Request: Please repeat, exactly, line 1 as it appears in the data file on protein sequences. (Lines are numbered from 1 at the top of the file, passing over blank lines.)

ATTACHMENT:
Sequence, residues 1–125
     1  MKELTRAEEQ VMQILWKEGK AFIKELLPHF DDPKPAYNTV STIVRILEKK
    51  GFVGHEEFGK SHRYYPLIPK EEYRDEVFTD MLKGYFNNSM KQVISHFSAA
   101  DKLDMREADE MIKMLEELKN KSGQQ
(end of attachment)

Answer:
Sequence, residues 1–125